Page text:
Stanford scholars gathered Oct. 27 for a packed screening of “Before the Flood,” a new documentary which stresses the urgency and severity of the risks associated with global climate change.

Produced by actor and environmental activist Leonardo DiCaprio and directed by documentarian Fisher Stevens, the film was released widely on cable and the internet this week.

The Academy Award®-winning pair first visited Stanford during filming to meet with Stanford Engineering Professor Mark Jacobson and his students.  Jacobson, who is known for his work on renewable energy research, invited Fisher back to campus to screen the finished film.   

“We think this is one of the most pressing issues facing mankind,” Stevens shared with the Stanford audience, on why he and DiCaprio decided to make the documentary.  

The film’s title was inspired by a famous 15th century Bosch painting, “The Garden of Earthy Delights.”   

Bosch

 

 

 

 

 

 

 

 

 

 

 

The film opens on the three-panel painting, depicting the biblical origins of humanity, next to a scene of "overpopulation, debauchery, and excess,” narrates DiCaprio. The painting’s third panel shows Hell, “a twisted, decayed, burnt landscape. A paradise that has been degraded and destroyed,” DiCaprio adds.

The triptych’s center panel portrays mankind “Before the Fall,” which DiCaprio interprets as the current state of the world, a time before the effects of climate change are beyond solutions to counter it.

The audience follows DiCaprio through U.N. addresses, tar sands oil fields and melting glaciers in Greenland to illustrate the magnitude of the climate issue. On working in Greenland, Stevens described how hearing about the impacts of climate change does not compare to experiencing them first hand. When DiCaprio finds a tube that had been buried in over 30 feet of ice but was exposed after hundreds of cubic kilometers of ice melted over five years, “that really freaked us out” said Stevens.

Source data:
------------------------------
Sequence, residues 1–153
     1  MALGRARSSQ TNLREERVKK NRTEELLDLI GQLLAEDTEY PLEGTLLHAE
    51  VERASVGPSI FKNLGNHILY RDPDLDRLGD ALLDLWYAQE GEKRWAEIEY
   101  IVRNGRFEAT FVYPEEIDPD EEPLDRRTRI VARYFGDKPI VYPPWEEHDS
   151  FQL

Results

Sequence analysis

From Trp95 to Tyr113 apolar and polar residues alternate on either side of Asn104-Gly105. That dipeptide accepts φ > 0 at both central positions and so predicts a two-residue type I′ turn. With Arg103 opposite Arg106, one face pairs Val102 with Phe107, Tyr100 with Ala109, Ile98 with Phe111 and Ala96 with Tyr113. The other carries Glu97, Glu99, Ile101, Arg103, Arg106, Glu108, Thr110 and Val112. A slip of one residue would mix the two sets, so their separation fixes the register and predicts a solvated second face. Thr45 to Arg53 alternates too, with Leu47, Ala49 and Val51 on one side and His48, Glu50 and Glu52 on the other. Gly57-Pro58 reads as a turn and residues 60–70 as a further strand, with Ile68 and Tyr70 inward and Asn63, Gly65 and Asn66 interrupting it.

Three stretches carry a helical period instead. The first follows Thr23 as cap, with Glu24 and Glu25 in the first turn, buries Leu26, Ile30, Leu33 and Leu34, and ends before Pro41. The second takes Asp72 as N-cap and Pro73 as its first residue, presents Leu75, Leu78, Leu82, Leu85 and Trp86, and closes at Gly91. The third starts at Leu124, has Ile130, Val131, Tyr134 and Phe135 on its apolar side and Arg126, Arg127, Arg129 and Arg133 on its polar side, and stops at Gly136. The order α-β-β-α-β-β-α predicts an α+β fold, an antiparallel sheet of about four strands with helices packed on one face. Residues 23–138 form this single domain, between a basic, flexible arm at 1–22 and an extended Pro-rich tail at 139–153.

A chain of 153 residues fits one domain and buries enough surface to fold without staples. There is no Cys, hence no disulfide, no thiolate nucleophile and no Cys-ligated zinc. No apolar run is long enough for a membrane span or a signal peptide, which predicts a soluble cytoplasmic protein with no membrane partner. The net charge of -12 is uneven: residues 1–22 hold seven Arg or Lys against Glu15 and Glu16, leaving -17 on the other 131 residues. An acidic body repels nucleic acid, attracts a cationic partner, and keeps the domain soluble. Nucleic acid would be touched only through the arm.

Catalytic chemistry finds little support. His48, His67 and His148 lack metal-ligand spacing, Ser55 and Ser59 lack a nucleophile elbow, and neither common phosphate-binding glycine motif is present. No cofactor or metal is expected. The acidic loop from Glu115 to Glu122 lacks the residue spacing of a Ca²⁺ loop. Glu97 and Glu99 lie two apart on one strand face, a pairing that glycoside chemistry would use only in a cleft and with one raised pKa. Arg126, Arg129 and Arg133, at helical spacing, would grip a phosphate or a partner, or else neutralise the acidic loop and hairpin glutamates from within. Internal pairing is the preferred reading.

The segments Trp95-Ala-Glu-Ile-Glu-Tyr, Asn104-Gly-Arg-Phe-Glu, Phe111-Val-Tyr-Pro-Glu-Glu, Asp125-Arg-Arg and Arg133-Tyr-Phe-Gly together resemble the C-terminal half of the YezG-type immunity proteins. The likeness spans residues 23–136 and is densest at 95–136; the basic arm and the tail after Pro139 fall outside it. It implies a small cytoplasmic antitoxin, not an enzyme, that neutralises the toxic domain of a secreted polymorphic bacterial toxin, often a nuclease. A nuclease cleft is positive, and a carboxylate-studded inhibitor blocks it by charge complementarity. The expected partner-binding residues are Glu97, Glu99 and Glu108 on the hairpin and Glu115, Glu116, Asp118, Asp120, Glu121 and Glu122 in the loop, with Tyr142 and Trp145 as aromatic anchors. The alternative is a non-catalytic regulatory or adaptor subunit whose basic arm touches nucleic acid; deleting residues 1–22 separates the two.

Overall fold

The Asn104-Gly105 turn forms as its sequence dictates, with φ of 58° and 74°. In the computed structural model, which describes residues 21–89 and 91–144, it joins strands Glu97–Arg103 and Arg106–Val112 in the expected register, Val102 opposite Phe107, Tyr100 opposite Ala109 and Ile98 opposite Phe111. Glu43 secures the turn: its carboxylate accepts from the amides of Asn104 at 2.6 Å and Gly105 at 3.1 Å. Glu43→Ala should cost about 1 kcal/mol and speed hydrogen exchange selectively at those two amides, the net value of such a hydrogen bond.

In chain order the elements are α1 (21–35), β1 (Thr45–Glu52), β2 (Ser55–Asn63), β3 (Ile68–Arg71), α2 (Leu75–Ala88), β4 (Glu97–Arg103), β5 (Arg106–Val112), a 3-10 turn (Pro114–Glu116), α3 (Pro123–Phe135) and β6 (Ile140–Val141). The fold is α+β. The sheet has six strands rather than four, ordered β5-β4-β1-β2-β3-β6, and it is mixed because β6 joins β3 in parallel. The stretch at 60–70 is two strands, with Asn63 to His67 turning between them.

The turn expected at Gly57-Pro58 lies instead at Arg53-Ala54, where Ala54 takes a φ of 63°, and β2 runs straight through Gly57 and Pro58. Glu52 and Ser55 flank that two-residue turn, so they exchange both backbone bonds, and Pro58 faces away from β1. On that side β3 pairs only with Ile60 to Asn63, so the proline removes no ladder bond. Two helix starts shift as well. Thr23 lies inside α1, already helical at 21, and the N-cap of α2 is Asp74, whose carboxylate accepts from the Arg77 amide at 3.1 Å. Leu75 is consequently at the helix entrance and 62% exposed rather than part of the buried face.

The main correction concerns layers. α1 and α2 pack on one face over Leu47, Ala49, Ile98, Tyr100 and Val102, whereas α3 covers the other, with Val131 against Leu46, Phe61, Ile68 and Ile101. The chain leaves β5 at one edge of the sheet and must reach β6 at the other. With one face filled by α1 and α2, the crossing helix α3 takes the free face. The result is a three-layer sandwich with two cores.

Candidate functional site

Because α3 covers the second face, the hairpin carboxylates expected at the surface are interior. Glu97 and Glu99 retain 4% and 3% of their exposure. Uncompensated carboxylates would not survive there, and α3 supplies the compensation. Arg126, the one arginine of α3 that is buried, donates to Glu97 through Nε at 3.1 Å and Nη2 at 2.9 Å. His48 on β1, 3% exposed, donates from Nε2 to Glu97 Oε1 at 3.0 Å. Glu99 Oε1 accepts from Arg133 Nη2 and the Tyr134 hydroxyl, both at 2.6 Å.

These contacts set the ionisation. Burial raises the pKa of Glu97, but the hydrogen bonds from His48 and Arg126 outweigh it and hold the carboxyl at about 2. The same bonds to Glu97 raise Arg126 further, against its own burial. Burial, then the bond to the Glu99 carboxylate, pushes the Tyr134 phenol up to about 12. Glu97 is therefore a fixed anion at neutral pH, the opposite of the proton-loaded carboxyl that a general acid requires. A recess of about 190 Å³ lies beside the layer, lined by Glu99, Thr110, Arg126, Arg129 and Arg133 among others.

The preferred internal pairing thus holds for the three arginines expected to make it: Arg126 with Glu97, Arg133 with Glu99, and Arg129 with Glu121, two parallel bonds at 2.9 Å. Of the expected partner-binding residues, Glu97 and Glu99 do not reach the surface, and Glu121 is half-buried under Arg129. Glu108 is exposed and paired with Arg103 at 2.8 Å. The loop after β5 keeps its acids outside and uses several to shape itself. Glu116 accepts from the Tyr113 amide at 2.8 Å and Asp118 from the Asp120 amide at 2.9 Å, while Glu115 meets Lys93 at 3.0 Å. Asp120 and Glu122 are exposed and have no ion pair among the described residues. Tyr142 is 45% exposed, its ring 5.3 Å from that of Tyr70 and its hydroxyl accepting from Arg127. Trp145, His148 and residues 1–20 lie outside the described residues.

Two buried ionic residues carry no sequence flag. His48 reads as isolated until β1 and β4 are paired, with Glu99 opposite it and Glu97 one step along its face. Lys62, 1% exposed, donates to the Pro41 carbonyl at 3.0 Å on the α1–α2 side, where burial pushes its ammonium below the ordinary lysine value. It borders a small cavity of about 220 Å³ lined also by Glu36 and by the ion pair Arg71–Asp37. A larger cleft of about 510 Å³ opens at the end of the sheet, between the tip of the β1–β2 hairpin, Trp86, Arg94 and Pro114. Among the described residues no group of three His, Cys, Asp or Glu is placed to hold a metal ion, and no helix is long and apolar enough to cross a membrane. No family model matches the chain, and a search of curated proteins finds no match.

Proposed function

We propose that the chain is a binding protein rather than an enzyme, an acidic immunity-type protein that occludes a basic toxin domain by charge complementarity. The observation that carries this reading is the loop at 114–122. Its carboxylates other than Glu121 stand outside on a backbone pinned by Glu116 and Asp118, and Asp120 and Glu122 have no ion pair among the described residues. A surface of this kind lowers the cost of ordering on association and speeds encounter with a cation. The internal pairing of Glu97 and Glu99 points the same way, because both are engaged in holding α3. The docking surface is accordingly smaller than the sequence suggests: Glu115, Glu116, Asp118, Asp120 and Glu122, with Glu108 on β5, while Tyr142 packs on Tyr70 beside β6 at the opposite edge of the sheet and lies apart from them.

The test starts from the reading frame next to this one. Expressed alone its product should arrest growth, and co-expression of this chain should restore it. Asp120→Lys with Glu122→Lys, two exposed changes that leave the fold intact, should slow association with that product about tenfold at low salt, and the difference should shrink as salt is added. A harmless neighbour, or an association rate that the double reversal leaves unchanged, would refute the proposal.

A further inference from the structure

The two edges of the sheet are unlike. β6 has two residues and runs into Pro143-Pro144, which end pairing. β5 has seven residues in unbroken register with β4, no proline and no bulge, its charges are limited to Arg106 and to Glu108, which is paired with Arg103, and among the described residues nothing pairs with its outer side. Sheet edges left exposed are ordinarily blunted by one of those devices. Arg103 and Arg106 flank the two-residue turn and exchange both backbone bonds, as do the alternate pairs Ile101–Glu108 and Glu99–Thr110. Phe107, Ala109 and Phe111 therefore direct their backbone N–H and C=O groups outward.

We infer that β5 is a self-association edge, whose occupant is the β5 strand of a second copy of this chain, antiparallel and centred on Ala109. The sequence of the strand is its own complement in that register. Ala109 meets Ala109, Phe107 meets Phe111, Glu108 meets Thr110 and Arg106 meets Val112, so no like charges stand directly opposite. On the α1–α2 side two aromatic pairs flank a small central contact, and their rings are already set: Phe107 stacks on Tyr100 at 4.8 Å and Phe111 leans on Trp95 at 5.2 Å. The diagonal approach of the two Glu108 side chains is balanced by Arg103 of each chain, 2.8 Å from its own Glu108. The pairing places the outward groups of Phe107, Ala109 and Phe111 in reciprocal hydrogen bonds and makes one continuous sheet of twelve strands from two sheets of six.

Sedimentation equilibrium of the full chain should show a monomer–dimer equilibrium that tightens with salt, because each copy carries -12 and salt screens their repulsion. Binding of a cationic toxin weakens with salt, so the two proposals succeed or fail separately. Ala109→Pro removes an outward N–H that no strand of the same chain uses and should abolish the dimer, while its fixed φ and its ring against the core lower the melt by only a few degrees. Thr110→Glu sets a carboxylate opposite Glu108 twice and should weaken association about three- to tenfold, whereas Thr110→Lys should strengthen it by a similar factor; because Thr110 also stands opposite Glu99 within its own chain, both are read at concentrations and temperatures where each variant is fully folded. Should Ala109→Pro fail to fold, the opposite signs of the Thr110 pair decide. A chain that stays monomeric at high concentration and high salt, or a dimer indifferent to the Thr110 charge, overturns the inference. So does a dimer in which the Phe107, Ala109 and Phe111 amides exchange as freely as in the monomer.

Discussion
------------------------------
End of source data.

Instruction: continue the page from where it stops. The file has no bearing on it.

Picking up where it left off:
In addition to Stevens, featured speakers at the event included a surprise addition, Cody Two Bears, a Councilman of the Standing Rock Sioux Tribe in North Dakota, which is currently embroiled in protests over the Dakota Access Pipeline.

Two Bears reflected on the importance of the film’s promotion of climate change awareness and discussed how the fossil fuel industry is negatively impacting his community and the future of the sole water source for Standing Rock, the Missouri River, near where the pipeline is set to be constructed.

During the question and answer period, Stevens was asked how he feels about the uphill battle in changing attitudes in the United States on climate change. Stevens responded that his relationship to the film was one of balancing pessimism with inspiration. “We’re not going to stop until people wake up.”

Last week’s screening was hosted by Stanford’s Atmosphere and Energy Program and the Solutions Project in association with the Stanford Energy Club.

“Before the Flood” began airing globally on the National Geographic Channel on Oct. 30 in 171 countries and 45 languages.

In addition to National Geographic’s website, the film is available to view for free until Nov. 6 on: YouTube, Hulu, Facebook, Twitter, Amazon, iTunes, Xbox One, Google Play, Roku, Apple TV and Nat Geo Mundo.